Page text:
The only issue I actually have is changing the API in a backwards-incompatible way, i.e. removing an actually used function from it, which will break other people's code. Granted it may not be the vast majority but it's not negligible either. Yet on the other hand you introduce new interfaces like read_fmf() which does essentially the same, all three cases are handled by numpy's genfromtxt().

But I realize that we are fighting over two lines of code instead of fixing the almost 3000 real bugs. And I can't help you with that unless you really keep your API stable and backwards compatible.

@TomAugspurger

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commented Mar 7, 2019

@jimmywan

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commented Mar 7, 2019

All else equal, we prefer not to keep around aliases. They tend to make the library harder to learn and use.

This makes sense if the aliases are all superfluous and the base function has a reasonable name. You can't reasonably make that argument here.

This is just deprecated right now, and will be for some time, to give the community time to catch up.

So deprecate read_csv and give them a healthy window to catch up. Giving general functions specific names is bad design. If you care at all about having a clean API, the decision to choose read_csv over read_table was absolutely backwards.

I would be inclined to believe that the VAST majority of users use read_csv instead of read_table so doing this would be a nightmare for the sake of semantics.

Arguments like those are akin to saying progress should never be made for the sake of stability. At the very least read_table should be un-deprecated.

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commented Mar 7, 2019

@WillAyd

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commented Mar 7, 2019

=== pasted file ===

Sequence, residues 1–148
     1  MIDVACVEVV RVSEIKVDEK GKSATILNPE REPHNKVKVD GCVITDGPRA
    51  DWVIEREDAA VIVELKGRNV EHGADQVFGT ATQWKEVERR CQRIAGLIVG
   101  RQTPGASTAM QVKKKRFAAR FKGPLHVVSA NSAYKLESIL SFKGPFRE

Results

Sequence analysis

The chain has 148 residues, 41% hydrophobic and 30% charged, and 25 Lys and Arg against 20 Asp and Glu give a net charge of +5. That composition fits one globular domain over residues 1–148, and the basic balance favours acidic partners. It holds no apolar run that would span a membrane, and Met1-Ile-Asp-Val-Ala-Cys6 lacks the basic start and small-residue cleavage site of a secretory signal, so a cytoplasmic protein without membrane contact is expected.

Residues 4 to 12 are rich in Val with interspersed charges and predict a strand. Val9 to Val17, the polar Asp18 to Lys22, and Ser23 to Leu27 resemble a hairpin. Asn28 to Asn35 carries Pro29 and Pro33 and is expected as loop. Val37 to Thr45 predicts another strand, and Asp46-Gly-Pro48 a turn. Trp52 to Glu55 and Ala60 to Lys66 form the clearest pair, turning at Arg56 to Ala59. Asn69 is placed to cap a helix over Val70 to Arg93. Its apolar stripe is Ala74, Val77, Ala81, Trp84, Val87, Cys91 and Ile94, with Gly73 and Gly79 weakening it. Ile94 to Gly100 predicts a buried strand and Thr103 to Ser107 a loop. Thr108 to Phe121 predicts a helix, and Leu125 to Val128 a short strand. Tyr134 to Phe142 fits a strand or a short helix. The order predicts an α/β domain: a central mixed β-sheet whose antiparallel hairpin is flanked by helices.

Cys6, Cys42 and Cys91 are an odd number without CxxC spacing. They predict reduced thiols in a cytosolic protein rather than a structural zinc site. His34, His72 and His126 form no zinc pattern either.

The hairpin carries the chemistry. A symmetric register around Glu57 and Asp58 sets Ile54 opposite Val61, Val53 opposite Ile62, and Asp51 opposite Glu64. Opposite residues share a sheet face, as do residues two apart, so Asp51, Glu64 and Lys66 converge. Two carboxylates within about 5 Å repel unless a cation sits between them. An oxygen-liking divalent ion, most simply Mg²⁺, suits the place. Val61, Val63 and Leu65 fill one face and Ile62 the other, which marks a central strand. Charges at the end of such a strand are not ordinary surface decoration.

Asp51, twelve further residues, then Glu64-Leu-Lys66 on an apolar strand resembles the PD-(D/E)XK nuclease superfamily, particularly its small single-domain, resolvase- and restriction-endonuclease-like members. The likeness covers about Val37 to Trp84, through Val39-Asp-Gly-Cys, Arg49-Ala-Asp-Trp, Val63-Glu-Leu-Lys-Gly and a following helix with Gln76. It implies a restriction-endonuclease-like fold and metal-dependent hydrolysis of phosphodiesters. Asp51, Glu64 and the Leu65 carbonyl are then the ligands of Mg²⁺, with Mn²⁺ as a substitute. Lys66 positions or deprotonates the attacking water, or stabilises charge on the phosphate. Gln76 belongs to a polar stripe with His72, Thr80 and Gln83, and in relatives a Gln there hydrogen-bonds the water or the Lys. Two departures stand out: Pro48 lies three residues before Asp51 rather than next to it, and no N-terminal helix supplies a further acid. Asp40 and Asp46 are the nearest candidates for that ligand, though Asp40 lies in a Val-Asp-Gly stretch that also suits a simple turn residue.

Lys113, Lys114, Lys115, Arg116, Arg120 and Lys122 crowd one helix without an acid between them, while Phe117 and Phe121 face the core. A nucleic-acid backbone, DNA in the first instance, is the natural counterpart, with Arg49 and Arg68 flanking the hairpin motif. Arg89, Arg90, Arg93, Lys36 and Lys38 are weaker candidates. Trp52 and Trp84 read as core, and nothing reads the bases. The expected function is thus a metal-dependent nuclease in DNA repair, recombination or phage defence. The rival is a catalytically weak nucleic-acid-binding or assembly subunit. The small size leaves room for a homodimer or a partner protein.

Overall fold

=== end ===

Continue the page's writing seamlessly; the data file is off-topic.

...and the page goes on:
Note that I am not really opposed to keeping both functions, so the title may be a little provocative and could be adjusted.

The title was meant to provoke discussion, otherwise you may not have stepped in. ;)

I understand there are some frustrations with the deprecation of read_table and that conversation can certainly continue. However, if the request to deprecate read_csv is frivolous than I would at least ask that you update the title to reflect what you are actually asking for (ex: "Undeprecate read_table") instead of what it currently is, as otherwise we'll continue down tangential paths that aren't helpful regardless of anyone's viewpoint on read_table.

But I realize that we are fighting over two lines of code instead of fixing the almost 3000 real bugs. And I can't help you with that unless you really keep your API stable and backwards compatible.

Pandas is an open source tool built off of volunteer hours. We would gladly welcome contributions from you to improve the tool. Otherwise I'd just like to call out that incendiary and insulting comments don't contribute anything to the tool or the community surrounding it.

@jimmywan

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commented Mar 7, 2019

Note that I am not really opposed to keeping both functions, so the title may be a little provocative and could be adjusted.

I understand there are some frustrations with the deprecation of read_table and that conversation can certainly continue. However, if the request to deprecate read_csv is frivolous than I would at least ask that you update the title to reflect what you are actually asking for (ex: "Undeprecate read_table") instead of what it currently is, as otherwise we'll continue down tangential paths that aren't helpful regardless of anyone's viewpoint on read_table.

I'm not the OP, but I think some of us are trying to say that deprecating read_csv in favor of read_table is defensible in terms of API clarity/readability with the side effect of some end-user pain.
Deprecating read_table in favor of read_csv just seems misguided and wrong.

You can't reasonably make that argument here.

Why do you say that? The stdlib uses the "csv" module for reading delimited files.

That's more of a historical artifact and/or implementation detail. It's highly unlikely that a pandas end user knows and/or cares about it. No reason to propagate that decision any further.